Boyle was appointed Chairman of the National Library of Scotland on 25 October 2012.[19][20] NLS is one of the world's leading research libraries and one of Scotland's premier cultural institutions.[1] The Edinburgh-based library's collections hold about 15 million printed items, 100,000 manuscripts, two million maps and 25,000 newspaper and magazine titles.[20] The collection includes copies of the Gutenberg Bible, the letter which Charles Darwin submitted with the manuscript of Origin of Species and the First Folio of Shakespeare.[21] NLS serves as the legal deposit library of Scotland, which under the Legal Deposit Libraries Act 2003[22] entitles the Library to request a free copy of every book published in the UK within one year of its publication.

Public service and other appointmentsEdit

Boyle’s career in public service includes many appointments. Until 2008, he served as a Commissioner on the UK's Civil Service Commission, the body tasked with appointing Britain's senior civil servants. Boyle was Chairman of the City of Literature Initiative, and spearheaded the effort that led to Edinburgh being selected by UNESCO as the inaugural City of Literature.[23] He was also a co-founder of the UNESCO City of Music Program that led to Glasgow being selected as the first World City of Music.[2][24]

Currently Boyle is a director of the London public relations company Franklin Rae and for eight years was a member of the board of governors (known as the Court) of Edinburgh's Napier University. In 2008 he was appointed Chairman of the British Council's Scottish National Committee.[25] He has also held non-executive directorships on the boards of media company Wark Clements and Anareva, a boutique search consultancy.[1]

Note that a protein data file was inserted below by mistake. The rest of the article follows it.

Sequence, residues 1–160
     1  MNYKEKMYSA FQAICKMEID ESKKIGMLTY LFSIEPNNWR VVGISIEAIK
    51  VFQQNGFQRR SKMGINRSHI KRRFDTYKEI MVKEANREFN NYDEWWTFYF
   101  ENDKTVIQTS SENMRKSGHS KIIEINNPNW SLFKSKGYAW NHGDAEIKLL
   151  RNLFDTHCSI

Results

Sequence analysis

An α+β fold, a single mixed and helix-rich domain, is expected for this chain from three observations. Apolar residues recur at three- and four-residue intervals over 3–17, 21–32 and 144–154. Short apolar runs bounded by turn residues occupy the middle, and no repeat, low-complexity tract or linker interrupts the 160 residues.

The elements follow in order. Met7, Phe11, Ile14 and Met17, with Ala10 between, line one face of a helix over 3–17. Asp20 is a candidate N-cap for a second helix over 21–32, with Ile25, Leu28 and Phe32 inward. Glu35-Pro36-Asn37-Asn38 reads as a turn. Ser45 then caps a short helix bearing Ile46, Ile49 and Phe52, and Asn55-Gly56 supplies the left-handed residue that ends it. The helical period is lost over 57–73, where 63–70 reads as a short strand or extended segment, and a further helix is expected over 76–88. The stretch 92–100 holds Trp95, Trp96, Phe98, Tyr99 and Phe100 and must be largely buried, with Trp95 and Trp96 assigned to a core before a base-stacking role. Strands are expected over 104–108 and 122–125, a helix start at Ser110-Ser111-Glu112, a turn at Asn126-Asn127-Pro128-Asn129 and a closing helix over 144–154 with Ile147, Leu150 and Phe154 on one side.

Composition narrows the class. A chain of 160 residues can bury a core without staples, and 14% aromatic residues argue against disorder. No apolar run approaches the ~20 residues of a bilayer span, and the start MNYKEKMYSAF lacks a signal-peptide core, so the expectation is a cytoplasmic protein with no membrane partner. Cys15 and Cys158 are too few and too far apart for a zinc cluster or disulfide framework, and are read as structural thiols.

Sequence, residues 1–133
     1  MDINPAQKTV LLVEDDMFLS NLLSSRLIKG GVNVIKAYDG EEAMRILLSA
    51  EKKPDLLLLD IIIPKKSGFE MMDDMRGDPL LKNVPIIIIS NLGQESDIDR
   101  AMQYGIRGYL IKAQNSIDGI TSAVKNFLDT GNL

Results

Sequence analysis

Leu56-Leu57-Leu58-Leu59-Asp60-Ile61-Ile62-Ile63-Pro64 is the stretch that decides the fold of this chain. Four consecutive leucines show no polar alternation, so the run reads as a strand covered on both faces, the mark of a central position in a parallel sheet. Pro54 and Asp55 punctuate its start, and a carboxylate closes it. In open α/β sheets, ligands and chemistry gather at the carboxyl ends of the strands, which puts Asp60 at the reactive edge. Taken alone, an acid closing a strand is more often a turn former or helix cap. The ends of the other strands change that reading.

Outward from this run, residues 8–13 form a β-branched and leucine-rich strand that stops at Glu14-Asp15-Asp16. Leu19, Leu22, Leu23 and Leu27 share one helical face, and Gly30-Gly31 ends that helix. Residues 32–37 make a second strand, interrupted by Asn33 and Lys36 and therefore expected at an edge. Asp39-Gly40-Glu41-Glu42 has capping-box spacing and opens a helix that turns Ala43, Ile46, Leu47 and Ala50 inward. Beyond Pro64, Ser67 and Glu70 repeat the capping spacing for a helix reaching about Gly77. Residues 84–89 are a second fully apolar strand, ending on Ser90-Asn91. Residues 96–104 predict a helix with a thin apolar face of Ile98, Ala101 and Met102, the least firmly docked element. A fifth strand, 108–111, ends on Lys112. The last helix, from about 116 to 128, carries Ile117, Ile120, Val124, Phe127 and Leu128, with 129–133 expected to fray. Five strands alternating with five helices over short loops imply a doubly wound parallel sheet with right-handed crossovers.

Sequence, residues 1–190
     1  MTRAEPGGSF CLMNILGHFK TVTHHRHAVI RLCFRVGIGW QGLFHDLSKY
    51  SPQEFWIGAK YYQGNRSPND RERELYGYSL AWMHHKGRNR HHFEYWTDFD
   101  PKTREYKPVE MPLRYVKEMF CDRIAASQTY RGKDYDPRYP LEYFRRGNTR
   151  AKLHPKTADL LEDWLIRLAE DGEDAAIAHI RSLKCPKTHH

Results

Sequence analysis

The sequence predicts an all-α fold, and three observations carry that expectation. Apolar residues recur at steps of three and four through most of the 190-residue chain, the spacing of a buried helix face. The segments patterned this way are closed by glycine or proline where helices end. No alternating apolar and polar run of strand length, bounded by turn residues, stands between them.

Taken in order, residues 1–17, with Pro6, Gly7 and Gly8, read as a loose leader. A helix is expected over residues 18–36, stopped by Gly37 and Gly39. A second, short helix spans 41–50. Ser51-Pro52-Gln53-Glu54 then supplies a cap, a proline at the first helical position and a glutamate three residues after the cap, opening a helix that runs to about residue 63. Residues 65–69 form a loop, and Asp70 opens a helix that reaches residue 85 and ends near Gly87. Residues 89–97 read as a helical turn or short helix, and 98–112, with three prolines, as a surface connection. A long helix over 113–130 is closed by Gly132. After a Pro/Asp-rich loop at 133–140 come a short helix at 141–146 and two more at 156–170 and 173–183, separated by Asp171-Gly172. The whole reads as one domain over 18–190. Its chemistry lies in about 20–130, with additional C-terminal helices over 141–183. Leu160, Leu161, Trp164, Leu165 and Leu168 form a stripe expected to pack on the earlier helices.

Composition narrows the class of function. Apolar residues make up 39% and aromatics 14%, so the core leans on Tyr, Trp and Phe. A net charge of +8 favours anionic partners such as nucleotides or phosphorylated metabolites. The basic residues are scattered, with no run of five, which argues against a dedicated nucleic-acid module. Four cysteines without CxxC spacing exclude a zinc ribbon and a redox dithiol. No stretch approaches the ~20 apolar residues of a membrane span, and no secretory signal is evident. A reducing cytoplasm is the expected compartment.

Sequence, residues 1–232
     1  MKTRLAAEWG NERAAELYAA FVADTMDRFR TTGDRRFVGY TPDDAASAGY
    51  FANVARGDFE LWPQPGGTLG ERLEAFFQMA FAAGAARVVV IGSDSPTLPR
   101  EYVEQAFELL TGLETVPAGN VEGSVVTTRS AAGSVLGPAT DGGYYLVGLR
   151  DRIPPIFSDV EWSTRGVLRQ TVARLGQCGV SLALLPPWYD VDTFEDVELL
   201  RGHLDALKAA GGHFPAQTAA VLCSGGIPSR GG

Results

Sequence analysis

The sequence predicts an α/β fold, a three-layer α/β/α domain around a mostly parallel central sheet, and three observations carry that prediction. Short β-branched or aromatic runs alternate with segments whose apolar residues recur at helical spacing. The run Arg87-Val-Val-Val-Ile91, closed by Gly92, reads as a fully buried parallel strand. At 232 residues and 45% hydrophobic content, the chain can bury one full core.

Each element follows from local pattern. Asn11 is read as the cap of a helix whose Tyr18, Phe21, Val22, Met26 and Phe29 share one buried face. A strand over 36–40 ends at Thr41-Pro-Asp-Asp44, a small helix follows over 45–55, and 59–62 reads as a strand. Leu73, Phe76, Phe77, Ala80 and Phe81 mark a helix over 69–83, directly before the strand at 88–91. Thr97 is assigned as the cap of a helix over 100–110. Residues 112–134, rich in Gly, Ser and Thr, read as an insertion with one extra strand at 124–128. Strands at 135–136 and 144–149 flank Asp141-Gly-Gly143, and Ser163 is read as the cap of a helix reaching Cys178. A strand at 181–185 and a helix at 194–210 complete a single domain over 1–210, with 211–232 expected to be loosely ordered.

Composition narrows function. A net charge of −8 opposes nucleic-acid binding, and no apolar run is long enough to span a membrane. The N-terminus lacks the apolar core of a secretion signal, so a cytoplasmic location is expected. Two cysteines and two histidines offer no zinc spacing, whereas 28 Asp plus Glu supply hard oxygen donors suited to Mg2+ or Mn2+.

In 2005, the University of Edinburgh awarded Boyle with the degree of Doctor honoris causa. Boyle previously received honorary doctorates from Napier University and the University of Aberdeen. He is also an honorary professor at the University of Stirling.

Personal lifeEdit

When at the BBC, Boyle wrote many scripts for radio and a number of TV plays for educational television. He collects first editions of twentieth century literature. Boyle and his wife Marie live in Edinburgh, Scotland. He has three sons and three grandsons and a grand-daughter.


  1. ^ a b c [1]
  2. ^ a b c d e [2]
  3. ^ a b [3]
  4. ^
  5. ^ [4]
  6. ^ New image for BBC Radio 4, BBC News, 7 April 1998. Accessed 9 October 2008.
  7. ^ [5]
  8. ^ [6]
  9. ^ Boyle steps down at Radio 4, BBC News, 16 January 2000. Accessed 9 October 2008.
  10. ^ Taylor, Alan. no way to make waves, The Sunday Herald, 11 May 2003. Accessed 9 October 2008.
  11. ^ "Archived copy". Archived from the original on 27 September 2007. Retrieved 2 June 2007.CS1 maint: Archived copy as title (link)
  12. ^ [7]
  13. ^ New tsar to head culture review, BBC News, 22 April 2004. Accessed 9 October 2008.
  14. ^ Nicoll, Ruaridh. Boyle gets it right, The Observer, 3 July 2005. Accessed 9 October 2008.
  15. ^ [8]
  16. ^ "Archived copy". Archived from the original on 7 January 2009. Retrieved 5 September 2006.CS1 maint: Archived copy as title (link)
  17. ^ "Archived copy". Archived from the original on 4 February 2008. Retrieved 5 September 2006.CS1 maint: Archived copy as title (link)
  18. ^ [9]
  19. ^ [10]
  20. ^ a b [11]
  21. ^ [12]
  22. ^ The Legal Deposit Libraries Act 2003 Archived 7 February 2010 at WebCite
  23. ^ [13]
  24. ^ [14]
  25. ^ "Archived copy". Archived from the original on 20 October 2011. Retrieved 21 October 2011.CS1 maint: Archived copy as title (link)